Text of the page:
Monday, February 19, 2018

Classic Films in Focus: FALLEN ANGEL (1945)

Otto Preminger directs this top-notch noir tale of misplaced love and murder, which stars Dana Andrews as a small-time grifter who falls for luscious Linda Darnell but woos wealthy Alice Faye. It's a love triangle with a couple of kinks thrown into it, and the title, Fallen Angel, might equally apply to Andrews or Darnell, both of whom exhibit the cynical worldview born of hard knocks and bitter disappointment. In addition to the trio of excellent leads, the picture boasts an impressive supporting cast that includes Anne Revere, Percy Kilbride, Bruce Cabot, Charles Bickford, and the always entertaining John Carradine as a traveling spiritualist who pretends to talk to the dead.

Eric Stanton (Dana Andrews) blows into town on his last dollar and promptly gets an eyeful of Linda Darnell's sultry Stella, sometime waitress at the diner run by Pop (Percy Kilbride). Like every other mook in the joint, Eric goes for the dark-haired beauty but can't convince her that he's not just another two-bit loser. In order to get enough money to marry Stella, Eric courts the maidenly June Mills (Alice Faye), much to the consternation of her elder sister, Clara (Anne Revere). Eric intends to marry and divorce June, but when Stella turns up dead on his wedding night, Eric finds himself on the list of suspects being pursued by Mark Judd (Charles Bickford), another of Stella's admirers who happens to be a cop.

Harry Kleiner's screenplay is adapted from the novel by Marty Holland, who also wrote the story of The File on Thelma Jordan (1950), and it shades Stella in particular with more nuance than we often see in a femme fatale. She never encourages Eric or any of the other men who hang around her like flies, and she makes it clear that she wants a wedding ring and a home before she'll take any guy into her arms. She steals a little cash from Pop's till, but she's no monster; Eric is the one who hatches the plan to seduce and betray June, not Stella. Nonetheless, the film sets Stella up as the fallen angel, the beautiful but bad girl, especially in the way it introduces her. We're encouraged to think of her that way even as the picture slowly reveals how little Stella deserves her fate and how much more fallen Eric is than Stella has ever been.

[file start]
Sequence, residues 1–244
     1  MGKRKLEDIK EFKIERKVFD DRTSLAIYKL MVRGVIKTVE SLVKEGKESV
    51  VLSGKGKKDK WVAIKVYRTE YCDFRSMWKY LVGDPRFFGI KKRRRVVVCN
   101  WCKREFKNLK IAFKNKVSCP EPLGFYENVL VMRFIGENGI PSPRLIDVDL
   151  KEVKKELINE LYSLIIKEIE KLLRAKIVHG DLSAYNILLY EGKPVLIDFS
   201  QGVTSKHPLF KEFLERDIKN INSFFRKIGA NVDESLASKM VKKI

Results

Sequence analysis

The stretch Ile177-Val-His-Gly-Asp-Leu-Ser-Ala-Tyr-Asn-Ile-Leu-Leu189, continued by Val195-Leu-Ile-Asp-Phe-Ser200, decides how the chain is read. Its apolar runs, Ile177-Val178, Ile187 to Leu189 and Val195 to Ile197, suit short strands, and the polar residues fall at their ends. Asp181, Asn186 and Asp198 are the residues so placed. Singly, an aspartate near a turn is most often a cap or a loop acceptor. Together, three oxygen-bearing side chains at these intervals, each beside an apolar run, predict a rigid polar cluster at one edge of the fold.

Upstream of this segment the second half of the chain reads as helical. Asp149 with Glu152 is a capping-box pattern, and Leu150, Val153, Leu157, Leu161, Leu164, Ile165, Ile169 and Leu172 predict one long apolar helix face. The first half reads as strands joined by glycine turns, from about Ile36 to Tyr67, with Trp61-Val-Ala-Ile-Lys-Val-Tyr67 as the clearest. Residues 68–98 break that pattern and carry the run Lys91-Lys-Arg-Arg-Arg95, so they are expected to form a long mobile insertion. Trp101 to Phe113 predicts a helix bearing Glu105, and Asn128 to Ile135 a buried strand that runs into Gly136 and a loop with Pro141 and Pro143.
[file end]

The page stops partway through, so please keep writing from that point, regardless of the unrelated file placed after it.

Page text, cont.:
Andrews is in fine noir form as Eric; it's the kind of role that lets him use both his charm and his edge of jaded ruthlessness. He talks his way into Professor Madley's spiritualist racket and then into June's good graces, but he has a lot more trouble sweet-talking the justly skeptical Stella. Perhaps that's why he likes her so much in the first place. The audience is left to wonder if June's virtuous love is enough to reform Eric, especially when we know he only marries her for the cash. Alice Faye, of course, is perfect as June; if Eric and Stella are both fallen angels, June is still wearing her halo in Heaven. Faye is one of the few actresses who can make such a good girl role appealing, and late in the film she gets a chance to reveal the sturdy spirit that Junes possesses in addition to her virtue. June might have married a man she barely knows, but when she takes a vow she means it, and that comes as quite a revelation to Eric.

Take time to savor the performances by Carradine, Revere, and Kilbride in their supporting roles; Kilbride has a particularly fine moment right at the end, when the depth of Pop's devotion finally transcends the pathetic. For more Otto Preminger noir with Dana Andrews, see Laura (1944) and Where the Sidewalk Ends (1950). Preminger also directs Linda Darnell in Forever Amber (1947) and The 13th Letter (1951). Alice Faye is remembered more for films like In Old Chicago (1938), That Night in Rio (1941), and the colorful wartime musical, The Gang's All Here (1943). You'll find Charles Bickford and Anne Revere in The Song of Bernadette (1943), while Percy Kilbride is best known today for his starring role as Pa Kettle in the Ma and Pa Kettle films, starting with The Egg and I (1947).